Defending Jacob, by William Landay

My heart went out to George and Cindy Anthony while their granddaughter’s disappearance and the discovery of her remains played out as the top news story day after day. The Anthonys were hounded by the media. Shunned by their friends. Questioned by their family. Rejected by society. All because of the actions of their daughter, Casey. They will never be able to return to the “normal” they once enjoyed. Their lives are forever separated into Before and After.

Everyone was vocal with their opinions, which often strayed from the issue at hand: Casey Anthony’s guilt or innocence in the death of her toddler, Caylee. The public considered George and Cindy Anthony fair game to judge and lambaste on the news, some even trespassing on their front lawn to protest with signs. Much of the outrage came from the perceived ignorance of the Anthonys and their unwavering support of their daughter. Others decided Casey was a product of bad parenting but sympathizers of George and Cindy believed Casey must have been born a monster capable of filicide – the nature versus nurture argument.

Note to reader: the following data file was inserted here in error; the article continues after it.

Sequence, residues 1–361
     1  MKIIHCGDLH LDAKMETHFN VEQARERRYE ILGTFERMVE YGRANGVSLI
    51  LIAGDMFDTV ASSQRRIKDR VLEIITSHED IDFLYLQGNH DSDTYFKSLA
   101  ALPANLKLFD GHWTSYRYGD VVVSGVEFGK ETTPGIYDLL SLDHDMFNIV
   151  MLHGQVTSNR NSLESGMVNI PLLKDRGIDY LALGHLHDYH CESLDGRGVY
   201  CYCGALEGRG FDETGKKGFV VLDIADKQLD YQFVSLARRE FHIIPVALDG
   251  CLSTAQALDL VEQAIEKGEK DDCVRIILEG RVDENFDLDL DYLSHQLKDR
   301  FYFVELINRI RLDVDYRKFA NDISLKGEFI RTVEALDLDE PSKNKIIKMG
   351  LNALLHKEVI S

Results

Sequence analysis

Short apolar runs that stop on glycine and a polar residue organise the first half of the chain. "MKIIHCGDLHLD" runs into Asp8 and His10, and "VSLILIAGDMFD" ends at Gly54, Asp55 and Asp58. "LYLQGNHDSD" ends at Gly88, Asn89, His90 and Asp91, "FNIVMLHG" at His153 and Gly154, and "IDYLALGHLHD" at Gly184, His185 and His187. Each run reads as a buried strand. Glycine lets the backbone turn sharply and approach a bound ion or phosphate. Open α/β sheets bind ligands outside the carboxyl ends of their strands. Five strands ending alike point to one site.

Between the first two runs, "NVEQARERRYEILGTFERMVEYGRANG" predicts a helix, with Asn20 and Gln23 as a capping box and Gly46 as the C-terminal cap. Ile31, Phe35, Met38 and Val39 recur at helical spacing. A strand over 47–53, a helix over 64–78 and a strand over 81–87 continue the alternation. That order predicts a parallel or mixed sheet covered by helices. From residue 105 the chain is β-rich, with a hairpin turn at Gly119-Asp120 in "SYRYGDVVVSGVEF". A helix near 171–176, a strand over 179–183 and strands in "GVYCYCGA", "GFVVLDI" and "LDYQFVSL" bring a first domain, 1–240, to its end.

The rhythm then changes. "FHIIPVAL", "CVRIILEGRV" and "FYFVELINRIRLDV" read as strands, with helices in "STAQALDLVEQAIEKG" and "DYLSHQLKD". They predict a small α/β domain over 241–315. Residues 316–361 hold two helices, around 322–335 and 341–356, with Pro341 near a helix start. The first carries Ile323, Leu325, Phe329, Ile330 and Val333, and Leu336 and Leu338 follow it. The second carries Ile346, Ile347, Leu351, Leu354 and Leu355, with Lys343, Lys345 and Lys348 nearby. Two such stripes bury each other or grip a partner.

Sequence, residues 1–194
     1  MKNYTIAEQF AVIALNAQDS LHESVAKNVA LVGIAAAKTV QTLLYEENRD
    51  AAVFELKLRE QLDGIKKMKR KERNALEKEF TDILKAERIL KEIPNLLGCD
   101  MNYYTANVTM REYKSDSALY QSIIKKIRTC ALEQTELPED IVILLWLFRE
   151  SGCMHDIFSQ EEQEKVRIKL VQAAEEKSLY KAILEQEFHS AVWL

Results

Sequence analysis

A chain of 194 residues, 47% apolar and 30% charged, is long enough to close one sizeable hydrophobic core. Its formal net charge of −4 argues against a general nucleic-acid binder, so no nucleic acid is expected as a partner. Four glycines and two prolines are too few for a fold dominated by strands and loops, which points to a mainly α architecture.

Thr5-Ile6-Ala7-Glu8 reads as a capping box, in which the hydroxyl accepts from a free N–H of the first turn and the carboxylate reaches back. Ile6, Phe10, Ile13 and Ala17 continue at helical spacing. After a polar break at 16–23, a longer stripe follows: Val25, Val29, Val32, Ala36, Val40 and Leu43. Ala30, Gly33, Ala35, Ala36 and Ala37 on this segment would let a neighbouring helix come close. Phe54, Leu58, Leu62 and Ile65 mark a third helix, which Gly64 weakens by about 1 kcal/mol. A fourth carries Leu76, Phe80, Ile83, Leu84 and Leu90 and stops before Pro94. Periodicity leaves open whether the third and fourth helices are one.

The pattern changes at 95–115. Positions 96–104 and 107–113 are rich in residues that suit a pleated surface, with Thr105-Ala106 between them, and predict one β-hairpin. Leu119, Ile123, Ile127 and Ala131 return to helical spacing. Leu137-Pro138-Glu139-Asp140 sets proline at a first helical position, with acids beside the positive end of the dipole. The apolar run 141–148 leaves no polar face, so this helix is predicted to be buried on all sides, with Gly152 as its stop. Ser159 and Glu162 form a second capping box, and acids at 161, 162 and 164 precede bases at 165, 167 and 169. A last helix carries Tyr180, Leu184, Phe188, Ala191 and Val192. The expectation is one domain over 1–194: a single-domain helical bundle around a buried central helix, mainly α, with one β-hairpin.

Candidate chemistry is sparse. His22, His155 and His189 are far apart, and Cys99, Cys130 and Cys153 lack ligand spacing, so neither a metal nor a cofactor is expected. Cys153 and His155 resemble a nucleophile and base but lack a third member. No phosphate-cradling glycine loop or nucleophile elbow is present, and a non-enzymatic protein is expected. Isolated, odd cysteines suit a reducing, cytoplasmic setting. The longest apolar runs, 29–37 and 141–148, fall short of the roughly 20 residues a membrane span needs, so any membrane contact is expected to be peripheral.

If the plight of the Anthonys interested you, you might enjoy the bestselling novel by William Landay, Defending Jacob. The narrator of the story is Andy Barber, a highly respected assistant district attorney in Massachusetts suburbia. He is assigned the shocking murder case of a teenage boy, Ben Rifkin, only to be put on paid leave as his son Jacob becomes a suspect and is subsequently arrested.

Andy and his wife Laurie are stunned to become social pariahs overnight as even their decades-old friendships are strained. Laurie begins homeschooling an ostracized Jacob. Andy personally investigates the Rifkin homicide, hoping to find the real killer and exonerate his son. While in extreme denial about the damming evidence mounting against Jacob, Andy does face the reality of heading to trial and finally confesses to Laurie the truth about his family’s history of violence. The bloody Barber legacy is another cause for Laurie to question Jacob’s innocence but Andy remains resolute in support of their son.

Any parent could find it frightening to ask themselves the questions the Barbers were forced to consider: How well do you really know your child? Do you know how they spend their time online (keeping in mind that tech savvy kids can circumvent parental controls and permanently erase their history)? Are you really following their Facebook activity? Do you know what social peer group they fall into at school? Have you met their friends?

Some reviewers of Defending Jacob commented it gets a little sluggish during the murder trial. While I don’t entirely disagree, I was never bored and I give William Landay credit for a satisfying ending with a surprise.

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